Research Article

Clinical and Polysomnographic Differences in Elderly Obstructive Sleep Apnea Patients


  • Fatma Çiftci
  • Banu Gülbay
  • Barış Bulut
  • Merda Erdemir Işık
  • Zeynep Pınar Önen
  • Turan Acıcan

Received Date: 26.08.2021 Accepted Date: 29.08.2022 J Ankara Univ Fac Med 2022;75(3):394-399


Although sleep-related complaints are common in the community, knowledge about clinical and polysomnographic differences in elderly patients with obstructive sleep apnea (OSA) is limited. The aim of this study was to compare the clinical and polysomnographic characteristics of OSA patients who were older than 65 years and those younger than 65 years.

Materials and Methods:

We retrospectively reviewed the polysomnography data of 216 (100 F/116 M) OSA patients who underwent polysomnography between 2011 and 2014. The patients were divided into two groups: <65 years (Group 1), ≥65 years (Group 2). We evaluated symptoms, comorbidities, and polysomnographic findings of the two groups of patients.


There were 185 patients (82 F/103 M) in Group 1 and 31 patients (18 F/13 M) in Group 2. There were no differences in gender distribution, OSA-related symptom frequency and Epworth sleepiness scale rates between two groups. The comorbidities, including hypertension (p=0.05), atherosclerotic heart disease (p=0.005), diabetes mellitus (p=0.002), depression (p=0.007), and COPD (p=0.035), were more frequent in Group 2. Although statistically non-significant, TST, sleep efficiency and average oxygen saturation at sleep were lower (p=0.129, p=0.127, p=0.063, respectively) whereas the AHI and the arousal index were higher (p=0.699, p=0.545, respectively) in Group 2. There was no difference between the two groups in terms of mean apnea duration.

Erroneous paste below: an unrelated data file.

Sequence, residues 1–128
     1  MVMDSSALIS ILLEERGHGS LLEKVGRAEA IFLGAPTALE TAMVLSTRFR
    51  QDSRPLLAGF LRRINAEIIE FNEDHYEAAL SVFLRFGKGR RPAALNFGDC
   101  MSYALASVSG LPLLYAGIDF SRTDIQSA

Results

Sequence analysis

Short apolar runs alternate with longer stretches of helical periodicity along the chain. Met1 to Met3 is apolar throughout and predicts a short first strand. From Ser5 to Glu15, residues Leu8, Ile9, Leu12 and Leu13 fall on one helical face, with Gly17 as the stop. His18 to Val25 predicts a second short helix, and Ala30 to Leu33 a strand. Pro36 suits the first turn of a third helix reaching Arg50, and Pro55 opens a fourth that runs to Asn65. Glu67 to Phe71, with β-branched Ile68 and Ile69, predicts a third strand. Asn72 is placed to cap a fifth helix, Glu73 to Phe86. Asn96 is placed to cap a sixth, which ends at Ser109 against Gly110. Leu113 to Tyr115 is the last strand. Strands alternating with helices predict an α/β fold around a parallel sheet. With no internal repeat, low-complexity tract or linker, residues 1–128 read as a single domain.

OSA patients had similar symptoms and polysomnographic findings independent from age. OSA should not be ignored in elderly patients when comorbidities are considered.

Keywords: Obstructive Sleep Apnea, OSA, Elderly


Obstructive sleep apnea (OSA) is a syndrome characterized by recurrent partial or complete collapse of the pharynx during sleep (1,2). OSA affects 2-4% of the adult population (2). It is a very progressive chronic disease which is responsible for multiple comorbidities. In the last two decades, the percentage of people over the age of 60 has increased more than other age groups worldwide (1). The relationship between OSA and aging has been better defined today with a progressive increase in the prevalence of OSA in the elderly due to physiological changes associated with aging (1). The prevalence of OSA is increasing in the elderly and aging is thought to be a risk factor for the development of OSA (3-5). However, the underlying mechanism is not clear.